Investors have a chance to catch a potential near term bullish move in natural gas prices based on the EIA revising down their natural gas production forecasts. Right now the EIA is estimating there is 3.1 Bcf per day in excess natural gas production versus normal demand. The details of the EIA's position can be found in the article EIA May Soon Lower Natural Gas Production Forecast. Based on flat production growth during the 2015 injection season averaging 73.3 Bcf/d, the EIA estimates prices at the Henry Hub will need to average $2.39 to encourage enough coal-to-gas switching to keep storage at 3.9 Tcf at the end of the storage season, assuming normalized weather.

But those EIA estimates are based on a 20% higher rig count. Soon the EIA will change its production forecast. They will also change their price assumptions based on the need to reduce coal to gas switching. This could move natural gas prices back into the mid-$3 range, maybe higher. If the rig count continues to fall, then prices will need to rise to a level to encourage more rigs to enter the dry gas production fields. That may require a price above $4, and maybe above $5. The key is to watch the rig count.

There has been a lot of focus by articles on the potential fall in U.S. oil production, but little attention has been paid to natural gas. Oil prices are determined globally, but almost all of the natural gas consumed in North America is produced in North America. Shortages will occur, creating huge price spikes unless someone in North America drills for enough natural gas. The bearish prices for oil are actually bullish for natural gas prices because of the drop in associated gas from new oil wells.

One thing to consider is that when the rig count was double what it is now, prices were 80% higher than they are now. But companies were still borrowing money and issuing equity to supplement cash flow in order to drill. Prices are currently down 40%, but cash flow is reduced by more than 40% because it still costs a similar amount of money to operate leases and ship the products. The potential exists for the rig count to continue to fall as Wall Street has lost its appetite to debt finance new drilling at current prices. Before long natural gas traders may start focusing on the release of the rig count rather than last week's storage number, or the latest 10-day weather forecast. The market has yet to recognize the rig count is where the real story is being told.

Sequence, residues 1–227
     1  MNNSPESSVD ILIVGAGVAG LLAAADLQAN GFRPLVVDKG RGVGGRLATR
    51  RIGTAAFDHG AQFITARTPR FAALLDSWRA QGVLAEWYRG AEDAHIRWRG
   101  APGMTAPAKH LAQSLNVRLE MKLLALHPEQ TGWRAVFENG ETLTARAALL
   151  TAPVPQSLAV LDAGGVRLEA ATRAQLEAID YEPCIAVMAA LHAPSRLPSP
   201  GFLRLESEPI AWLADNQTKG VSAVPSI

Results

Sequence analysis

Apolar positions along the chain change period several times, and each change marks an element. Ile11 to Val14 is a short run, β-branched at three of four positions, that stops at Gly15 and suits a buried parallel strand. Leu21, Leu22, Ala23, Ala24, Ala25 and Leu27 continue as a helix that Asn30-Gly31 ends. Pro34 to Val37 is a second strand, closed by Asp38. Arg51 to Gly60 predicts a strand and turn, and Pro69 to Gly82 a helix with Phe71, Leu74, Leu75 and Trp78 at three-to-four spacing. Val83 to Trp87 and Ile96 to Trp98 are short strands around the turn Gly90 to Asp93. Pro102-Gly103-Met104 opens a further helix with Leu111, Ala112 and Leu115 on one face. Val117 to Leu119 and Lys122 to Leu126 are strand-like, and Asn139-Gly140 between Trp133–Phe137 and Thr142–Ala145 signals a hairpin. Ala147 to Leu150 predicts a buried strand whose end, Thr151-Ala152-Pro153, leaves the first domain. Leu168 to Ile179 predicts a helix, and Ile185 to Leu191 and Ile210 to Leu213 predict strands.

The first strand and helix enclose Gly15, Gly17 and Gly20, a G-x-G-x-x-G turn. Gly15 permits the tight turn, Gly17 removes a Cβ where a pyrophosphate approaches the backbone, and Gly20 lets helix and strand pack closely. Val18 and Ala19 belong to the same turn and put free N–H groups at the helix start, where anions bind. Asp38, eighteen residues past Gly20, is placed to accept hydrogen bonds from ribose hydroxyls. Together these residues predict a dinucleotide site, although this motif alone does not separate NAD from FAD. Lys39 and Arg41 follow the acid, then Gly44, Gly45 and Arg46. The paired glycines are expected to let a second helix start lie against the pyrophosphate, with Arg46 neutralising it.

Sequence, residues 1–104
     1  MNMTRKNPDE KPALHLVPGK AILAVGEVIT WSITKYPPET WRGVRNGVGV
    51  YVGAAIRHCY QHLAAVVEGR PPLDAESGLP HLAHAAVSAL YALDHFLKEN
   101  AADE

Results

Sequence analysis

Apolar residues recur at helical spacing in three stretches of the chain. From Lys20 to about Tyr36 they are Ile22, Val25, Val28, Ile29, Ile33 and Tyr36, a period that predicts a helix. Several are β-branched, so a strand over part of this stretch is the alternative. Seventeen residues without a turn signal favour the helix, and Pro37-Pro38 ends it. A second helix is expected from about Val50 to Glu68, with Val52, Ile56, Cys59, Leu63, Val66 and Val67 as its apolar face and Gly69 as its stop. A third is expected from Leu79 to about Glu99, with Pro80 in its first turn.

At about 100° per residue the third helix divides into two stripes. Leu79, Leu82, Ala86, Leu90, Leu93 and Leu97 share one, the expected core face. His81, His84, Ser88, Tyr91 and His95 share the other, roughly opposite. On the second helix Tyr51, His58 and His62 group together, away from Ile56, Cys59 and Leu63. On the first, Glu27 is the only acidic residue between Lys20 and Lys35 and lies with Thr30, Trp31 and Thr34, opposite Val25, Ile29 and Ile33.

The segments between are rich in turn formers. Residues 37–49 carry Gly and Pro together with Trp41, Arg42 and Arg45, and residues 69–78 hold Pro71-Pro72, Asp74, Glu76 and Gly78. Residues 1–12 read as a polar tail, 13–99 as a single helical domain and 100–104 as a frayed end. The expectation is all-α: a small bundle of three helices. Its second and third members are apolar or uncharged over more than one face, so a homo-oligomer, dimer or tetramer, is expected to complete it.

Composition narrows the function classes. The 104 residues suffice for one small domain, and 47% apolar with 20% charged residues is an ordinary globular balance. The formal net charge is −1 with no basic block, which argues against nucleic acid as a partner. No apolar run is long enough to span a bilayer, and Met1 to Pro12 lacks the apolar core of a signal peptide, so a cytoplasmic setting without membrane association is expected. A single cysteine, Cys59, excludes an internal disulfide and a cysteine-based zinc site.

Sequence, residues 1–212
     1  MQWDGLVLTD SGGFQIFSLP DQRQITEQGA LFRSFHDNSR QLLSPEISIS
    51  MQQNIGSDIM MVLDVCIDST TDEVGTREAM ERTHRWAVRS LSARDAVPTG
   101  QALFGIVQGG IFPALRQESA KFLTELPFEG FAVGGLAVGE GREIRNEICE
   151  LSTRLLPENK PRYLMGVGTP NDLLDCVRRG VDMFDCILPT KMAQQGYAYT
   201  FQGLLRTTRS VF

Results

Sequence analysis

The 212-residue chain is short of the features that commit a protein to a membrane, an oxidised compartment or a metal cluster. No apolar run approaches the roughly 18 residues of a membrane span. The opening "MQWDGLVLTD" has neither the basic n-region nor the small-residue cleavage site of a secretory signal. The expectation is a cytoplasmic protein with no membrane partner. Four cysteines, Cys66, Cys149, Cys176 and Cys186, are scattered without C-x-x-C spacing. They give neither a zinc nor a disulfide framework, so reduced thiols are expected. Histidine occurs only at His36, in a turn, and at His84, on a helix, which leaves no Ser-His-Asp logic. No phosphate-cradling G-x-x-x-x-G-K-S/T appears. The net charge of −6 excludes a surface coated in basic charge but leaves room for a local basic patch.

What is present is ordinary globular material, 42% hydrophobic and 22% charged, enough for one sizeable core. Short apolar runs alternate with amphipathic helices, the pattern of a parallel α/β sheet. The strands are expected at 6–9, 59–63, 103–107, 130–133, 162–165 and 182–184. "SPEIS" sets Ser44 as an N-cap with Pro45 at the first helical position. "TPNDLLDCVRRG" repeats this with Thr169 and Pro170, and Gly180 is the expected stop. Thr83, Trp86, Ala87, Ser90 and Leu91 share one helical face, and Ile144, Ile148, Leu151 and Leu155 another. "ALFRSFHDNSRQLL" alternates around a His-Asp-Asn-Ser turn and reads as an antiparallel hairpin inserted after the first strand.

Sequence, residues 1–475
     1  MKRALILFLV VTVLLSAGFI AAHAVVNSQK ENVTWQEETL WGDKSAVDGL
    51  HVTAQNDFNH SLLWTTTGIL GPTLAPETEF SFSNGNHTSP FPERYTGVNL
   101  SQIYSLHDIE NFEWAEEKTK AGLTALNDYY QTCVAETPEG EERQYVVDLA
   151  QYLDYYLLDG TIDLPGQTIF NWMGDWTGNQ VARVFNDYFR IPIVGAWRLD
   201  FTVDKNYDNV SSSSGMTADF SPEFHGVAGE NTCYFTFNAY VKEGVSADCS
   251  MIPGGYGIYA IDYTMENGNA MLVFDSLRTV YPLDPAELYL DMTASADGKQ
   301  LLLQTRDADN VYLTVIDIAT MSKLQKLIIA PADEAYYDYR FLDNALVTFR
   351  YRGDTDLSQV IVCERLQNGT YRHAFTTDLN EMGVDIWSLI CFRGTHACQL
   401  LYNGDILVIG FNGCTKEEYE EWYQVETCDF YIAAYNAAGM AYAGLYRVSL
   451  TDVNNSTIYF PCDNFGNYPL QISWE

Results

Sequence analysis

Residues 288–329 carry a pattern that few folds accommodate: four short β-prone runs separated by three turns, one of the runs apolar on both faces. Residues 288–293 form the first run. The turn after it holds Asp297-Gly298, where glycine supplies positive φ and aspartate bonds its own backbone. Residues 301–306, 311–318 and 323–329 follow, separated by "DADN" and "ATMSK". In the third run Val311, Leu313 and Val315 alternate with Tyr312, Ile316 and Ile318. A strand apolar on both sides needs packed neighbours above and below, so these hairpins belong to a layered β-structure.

ETFs To Which Natural Gas Fundamentals Are Relevant:

  • The United States Natural Gas ETF, LP (NYSEARCA:UNG)
  • VelocityShares 3x Inverse Natural Gas ETN (NYSEARCA:DGAZ)
  • VelocityShares 3x Long Natural Gas ETN (NYSEARCA:UGAZ)
  • ProShares Ultra Bloomberg Natural Gas ETF (NYSEARCA:BOIL)

Disclosure: The author has no positions in any stocks mentioned, and no plans to initiate any positions within the next 72 hours.

The author wrote this article themselves, and it expresses their own opinions. The author is not receiving compensation for it (other than from Seeking Alpha). The author has no business relationship with any company whose stock is mentioned in this article.